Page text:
Yagan Dark by Cerveza Austral

Here comes Yadar Dark from Cerveza Austral in Patagonia (Chile)

Just when I thought that we had received gold from Rich and Carol Kitchens (I am considering making them our traveling reporters), I received another missive from the pair coming from the Chilean side of Patagonia.

This one concerned Yagan Dark (https://www.cervezaaustral.cl/producto/#yagan-dark) by Cerveza Austral (www.cervezaaustral.cl) which has a “with very subtle hints of chocolate, eminently drinkable, with the vicious weather of Chilean Patagonia bristling in the chilly background.” With an ABV of 6.1% and a serving temperature of about 44 degrees (approximate), this is a beer has you chortling at the rough weather in Patagonia.

So, we will be kept abreast of the Kitchens travel plans by the next beer they send back for us to take a gander at and marvel.



World Wide Stout – Dogfish Head Brewing Company

Nothing says winter like a nice warm stout. The basic stout is a great remedy to everything that is wrong with winter. The blistering cold, wind whipping, storm intensity…you have the idea.

Stouts have a way of saving the day on so many occasions, and a really good stout is always a fine treat. So, when I walked into the Dogfish Head Brewing Company to face the mob and decided to check out their World Wide Stout, I thought I would have a nice warm brew on a chilly night. Wrong. But not for the reasons you think.

World Wide Stout by Dogfish Head Brewing Company (www.dogfish.com/front) seeks to become the firm’s numero uno stout. Though the keep it refrigerated, you hardly notice the cold when you pick it up. When I looked to find its ABV, it listed it as between 15-20%. That’s right, even they don’t know what it is supposed to be – they have a range! It has to be one of the only profession brews to do that! Its aroma is of a really strong stout, but it has alcohol bubbling up through the center of it.  Make no bones about it, it is alcohol friendly. This beer is close to sizzling. In terms of taste, it is really simple – alcohol with strong stout – in that order. The alcohol is only for the first few minutes. As you get to drinking it, it simmers down and you can taste a bit of the stout, tempered by some of the additional flavors. A tempest of dark fruit comes to mind.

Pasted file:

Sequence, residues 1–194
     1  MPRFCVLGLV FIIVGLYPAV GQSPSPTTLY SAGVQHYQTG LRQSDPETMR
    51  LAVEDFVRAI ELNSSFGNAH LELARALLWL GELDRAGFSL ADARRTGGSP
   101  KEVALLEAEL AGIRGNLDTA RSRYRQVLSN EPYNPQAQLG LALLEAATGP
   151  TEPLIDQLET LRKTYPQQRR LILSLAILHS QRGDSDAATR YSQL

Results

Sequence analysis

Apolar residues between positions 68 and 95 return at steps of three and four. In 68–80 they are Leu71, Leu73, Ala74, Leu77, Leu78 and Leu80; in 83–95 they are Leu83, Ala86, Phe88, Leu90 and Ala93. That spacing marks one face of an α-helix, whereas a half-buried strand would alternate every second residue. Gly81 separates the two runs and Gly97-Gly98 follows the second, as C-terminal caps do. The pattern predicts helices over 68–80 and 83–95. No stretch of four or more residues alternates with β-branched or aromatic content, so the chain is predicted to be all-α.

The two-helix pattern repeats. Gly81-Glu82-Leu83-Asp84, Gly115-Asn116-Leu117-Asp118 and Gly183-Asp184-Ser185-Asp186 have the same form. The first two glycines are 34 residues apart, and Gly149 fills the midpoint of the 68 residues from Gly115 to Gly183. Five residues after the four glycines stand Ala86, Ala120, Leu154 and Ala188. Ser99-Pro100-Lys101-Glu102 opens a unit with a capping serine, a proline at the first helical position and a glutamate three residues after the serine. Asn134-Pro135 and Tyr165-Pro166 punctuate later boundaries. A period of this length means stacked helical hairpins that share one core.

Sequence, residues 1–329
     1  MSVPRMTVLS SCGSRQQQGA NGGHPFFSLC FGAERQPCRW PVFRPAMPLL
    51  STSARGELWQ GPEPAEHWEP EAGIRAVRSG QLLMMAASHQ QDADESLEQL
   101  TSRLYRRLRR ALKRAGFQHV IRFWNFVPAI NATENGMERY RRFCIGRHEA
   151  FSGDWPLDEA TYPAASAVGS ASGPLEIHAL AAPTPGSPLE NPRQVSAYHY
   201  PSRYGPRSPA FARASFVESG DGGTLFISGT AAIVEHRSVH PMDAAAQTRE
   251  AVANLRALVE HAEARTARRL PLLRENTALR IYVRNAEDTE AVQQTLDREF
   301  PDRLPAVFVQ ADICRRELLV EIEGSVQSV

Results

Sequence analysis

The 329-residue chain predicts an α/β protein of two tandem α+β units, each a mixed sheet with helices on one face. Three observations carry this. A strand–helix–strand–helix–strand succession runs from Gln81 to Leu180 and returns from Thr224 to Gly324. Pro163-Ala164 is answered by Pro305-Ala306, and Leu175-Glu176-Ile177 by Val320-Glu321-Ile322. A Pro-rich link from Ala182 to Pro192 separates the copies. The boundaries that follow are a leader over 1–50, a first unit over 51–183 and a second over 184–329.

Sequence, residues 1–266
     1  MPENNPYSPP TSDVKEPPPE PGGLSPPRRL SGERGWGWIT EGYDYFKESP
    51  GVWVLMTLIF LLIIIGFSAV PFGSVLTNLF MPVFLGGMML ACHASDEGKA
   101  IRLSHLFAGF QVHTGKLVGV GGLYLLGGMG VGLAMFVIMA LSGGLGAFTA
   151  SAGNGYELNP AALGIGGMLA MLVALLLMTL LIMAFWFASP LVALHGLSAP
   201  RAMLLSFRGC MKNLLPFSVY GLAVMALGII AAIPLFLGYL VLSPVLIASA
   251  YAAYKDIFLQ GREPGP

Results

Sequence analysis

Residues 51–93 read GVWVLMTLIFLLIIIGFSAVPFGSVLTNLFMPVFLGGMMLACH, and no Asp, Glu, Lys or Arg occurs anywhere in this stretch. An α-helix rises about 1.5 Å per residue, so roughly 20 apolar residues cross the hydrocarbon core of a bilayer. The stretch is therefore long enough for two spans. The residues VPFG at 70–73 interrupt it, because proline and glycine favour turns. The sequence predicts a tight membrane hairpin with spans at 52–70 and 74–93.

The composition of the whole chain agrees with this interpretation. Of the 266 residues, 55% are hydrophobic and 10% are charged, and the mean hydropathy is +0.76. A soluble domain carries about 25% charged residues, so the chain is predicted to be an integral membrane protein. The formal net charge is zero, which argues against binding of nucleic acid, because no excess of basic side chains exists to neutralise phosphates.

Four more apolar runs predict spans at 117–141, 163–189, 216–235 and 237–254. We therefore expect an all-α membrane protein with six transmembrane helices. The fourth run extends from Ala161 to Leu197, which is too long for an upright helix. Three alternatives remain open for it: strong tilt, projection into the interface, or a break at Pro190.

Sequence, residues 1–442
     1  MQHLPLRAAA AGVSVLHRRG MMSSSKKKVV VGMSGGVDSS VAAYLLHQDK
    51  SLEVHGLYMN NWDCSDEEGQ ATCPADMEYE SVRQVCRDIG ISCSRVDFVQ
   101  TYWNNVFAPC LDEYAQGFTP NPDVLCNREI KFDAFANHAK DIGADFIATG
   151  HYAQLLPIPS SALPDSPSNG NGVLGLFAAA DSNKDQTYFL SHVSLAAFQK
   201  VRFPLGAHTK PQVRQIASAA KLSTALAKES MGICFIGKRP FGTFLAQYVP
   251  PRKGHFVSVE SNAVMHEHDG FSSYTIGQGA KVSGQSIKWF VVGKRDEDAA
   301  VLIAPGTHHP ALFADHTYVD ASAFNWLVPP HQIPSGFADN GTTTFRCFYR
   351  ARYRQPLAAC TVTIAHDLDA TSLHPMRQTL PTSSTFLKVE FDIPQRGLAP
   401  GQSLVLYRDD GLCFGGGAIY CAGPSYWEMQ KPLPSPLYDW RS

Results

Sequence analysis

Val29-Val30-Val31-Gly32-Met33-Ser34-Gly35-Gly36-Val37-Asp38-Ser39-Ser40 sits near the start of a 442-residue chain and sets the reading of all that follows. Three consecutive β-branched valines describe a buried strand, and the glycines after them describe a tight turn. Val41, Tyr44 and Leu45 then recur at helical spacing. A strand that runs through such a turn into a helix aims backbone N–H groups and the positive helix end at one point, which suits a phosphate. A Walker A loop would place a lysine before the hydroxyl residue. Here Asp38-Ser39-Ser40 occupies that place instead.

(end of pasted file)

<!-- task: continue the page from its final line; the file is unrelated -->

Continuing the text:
A wickedly wild stout that reaches for the stars – and matches a few of them!

So, when the weather turns cold and its getting bitter, turn to World Wide Stout. It could be the last thing you will do, but it will be memorable.


Four Corners – Easter Island

OK, I come from the Left Coast. Specifically, Piedmont, CA, which you won’t find on anything but a detailed map of the San Francisco Bay Area. We like our anonymity because it is a small town and we like to keep it that way.

But people in Piedmont like to travel. If there is a corner of the world, someone from Piedmont or associated with Piedmont has been there.

So, in the midst of my beer blogging, I get a message from Mr. Rich Kitchen. Mr. Kitchens served as one of the gatekeepers coming out of Piedmont High School. For a lot of us, if you didn’t pass Kitchens class, you weren’t going to be leaving Piedmont.

Mr. Kitchens, and his beautiful wife Carol, who also taught for a while at Piedmont (still trying to figure that one out – nice going Mr. K!) send a note from Easter Island in the South Pacific that they are visiting. And then a second note with a picture of a beer from Easter Island! Yeah, Easter Island, addressed to me and for incorporation into the blog.

Mahina Pale Ale is bottled at Cerveceria Rapa Nui at Hanga Roa which is on Easter Island and it under the administration of Republic of Chile. It has a rich peach and apple taste taste combined hop flavor.

So, here is the beer shot:

A little Mahina Beer from Easter Island.

Thanks a lot, Mr. Kitchens!

Kriek (cherry) Boon by Brouwerij Boon

“Sweet nectar of life.”

At least that is what my nose was suggesting to me as I opened the bottle and poured it into the glass in front of a roaring fire place. Slowly, carefully, until you get every last drop of that wonderful bit of life giving manana from heaven.

Kriek Boon (Cherry Flavored Beer) by Brouwerij Boon

Yeah, that was the night I had Kriek Boon by Brouwerij Boon (www.boon.be/en) and it was like having cherry soda. Not pure cherry juice, but simply cherry soda. ABV of 4% but you wouldn’t notice it as the alcohol was hidden from detection. From first taste to last taste, it was the same flavor. Just simple, a little fizz, some real cherry taste and a little fizz to close it out. It was so good and just like that, it was gone. A nice dark red color to the body, a little bit of foam and that really good cherry soda smell. So good!